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Employee or Contractor?


How have you engaged your staff? Whether they are a paid employee or a hired contractor, this difference matters. In this post, we review some key information that will help you keep your businesses staffing above-board and problem-free.

How have you engaged your staff? Whether they are a paid employee or a hired contractor, this difference matters.

In this post, we review some key information that will help you keep your businesses staffing above-board and problem-free.

Before You Hire

It's best to have your paperwork in order at the time of hiring. Know exactly how each person who works for you is represented on your payroll.

And earnings isn't the only important issue here.

How your hired help is classified determines how you pay them and if there will be associated on costs to your business. These costs can include Superannuation Guarantee contributions and employee entitlements.

This means that when it comes to reporting your tax obligations, your reports must accurately reflect the status of your workers.

Not sure whether your workers are technically employees or not?

Find out.

Even if you've already done the hiring, it's not too late – just make sure you get things straightened out before reporting information for tax and insurance purposes.

Why It Matters

Treating hired employees as contractors might save you on labour costs but it also shorts your employees of the benefits they need and deserve as paid employees. There are penalties for untruthfully engaging employees as hired contractors.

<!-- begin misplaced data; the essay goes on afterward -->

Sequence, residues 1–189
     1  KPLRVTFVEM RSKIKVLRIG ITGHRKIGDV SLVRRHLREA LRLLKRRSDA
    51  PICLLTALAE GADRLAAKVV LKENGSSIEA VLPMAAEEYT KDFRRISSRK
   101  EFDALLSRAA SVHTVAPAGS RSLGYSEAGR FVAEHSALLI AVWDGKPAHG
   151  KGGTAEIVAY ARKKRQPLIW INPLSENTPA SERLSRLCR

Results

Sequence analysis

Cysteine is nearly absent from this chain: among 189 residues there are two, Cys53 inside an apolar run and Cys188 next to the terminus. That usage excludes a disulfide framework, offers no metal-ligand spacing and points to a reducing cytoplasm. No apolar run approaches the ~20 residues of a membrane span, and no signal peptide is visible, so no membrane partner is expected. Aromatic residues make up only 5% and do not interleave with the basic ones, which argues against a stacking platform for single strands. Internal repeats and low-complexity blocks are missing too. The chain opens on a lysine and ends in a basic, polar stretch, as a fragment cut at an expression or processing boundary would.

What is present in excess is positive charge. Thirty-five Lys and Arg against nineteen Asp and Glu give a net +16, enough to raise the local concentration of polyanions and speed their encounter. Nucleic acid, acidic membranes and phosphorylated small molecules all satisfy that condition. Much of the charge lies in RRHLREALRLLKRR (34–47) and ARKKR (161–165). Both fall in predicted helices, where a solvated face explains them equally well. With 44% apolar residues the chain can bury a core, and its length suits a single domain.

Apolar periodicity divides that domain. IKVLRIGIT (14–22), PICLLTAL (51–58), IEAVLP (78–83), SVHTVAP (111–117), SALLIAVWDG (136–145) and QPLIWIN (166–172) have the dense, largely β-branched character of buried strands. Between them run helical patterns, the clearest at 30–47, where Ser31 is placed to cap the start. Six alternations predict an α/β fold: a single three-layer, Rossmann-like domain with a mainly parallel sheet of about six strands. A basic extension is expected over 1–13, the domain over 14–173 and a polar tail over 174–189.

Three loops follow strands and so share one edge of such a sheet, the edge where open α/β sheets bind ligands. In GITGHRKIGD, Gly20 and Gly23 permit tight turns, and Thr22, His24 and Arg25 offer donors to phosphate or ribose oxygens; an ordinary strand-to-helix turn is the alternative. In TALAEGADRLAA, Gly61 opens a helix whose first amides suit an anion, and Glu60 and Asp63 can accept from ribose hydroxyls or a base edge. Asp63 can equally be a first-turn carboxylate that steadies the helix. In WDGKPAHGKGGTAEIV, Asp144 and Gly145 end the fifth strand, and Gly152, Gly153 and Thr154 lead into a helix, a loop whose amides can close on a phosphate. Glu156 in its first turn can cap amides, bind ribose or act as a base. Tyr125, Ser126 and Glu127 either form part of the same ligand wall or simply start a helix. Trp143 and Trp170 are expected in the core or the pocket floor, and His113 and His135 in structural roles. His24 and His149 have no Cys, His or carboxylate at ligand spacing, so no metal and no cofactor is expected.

The Australian Tax Office (ATO) has been cracking down on this matter lately to uncover cases of fraud. Even unknowingly, you wouldn't want to be found guilty of supplying false information about your workers.

There's another important area in which South Australian businesses need to be registered and pay insurance premiums for.

The Return To Work SA scheme was designed to get injured South Australians back on their feet and working. However, some employers have taken advantage of the system and avoid paying premiums by:

·  Exaggerating the extent of their employee's injury

·  Neglecting to report when the employee has returned to work

·  Making claims for services that were never provided to the employee

This behaviour is not only illegal, but it also carries implications for other employers paying for this insurance. The premiums go up for everyone when just a few abuse the system.

What You Can Do

If you're one of those businesses who operates by a policy of honesty, then we commend you. But remain alert to the employees and contractors issue that we’ve discussed.

We're referring many of our clients to the ATO's online decision tool. This tool has been designed for people like yourself who pay others for their labour.

The online decision tool is a great starting point for helping you figure out who on your team is an employee and who is a contractor when you need to report such information for tax purposes.

Do you know who is an employee or contractor? Contact our team at Wallace Vroulis Bond for more help.

- Tony Vroulis

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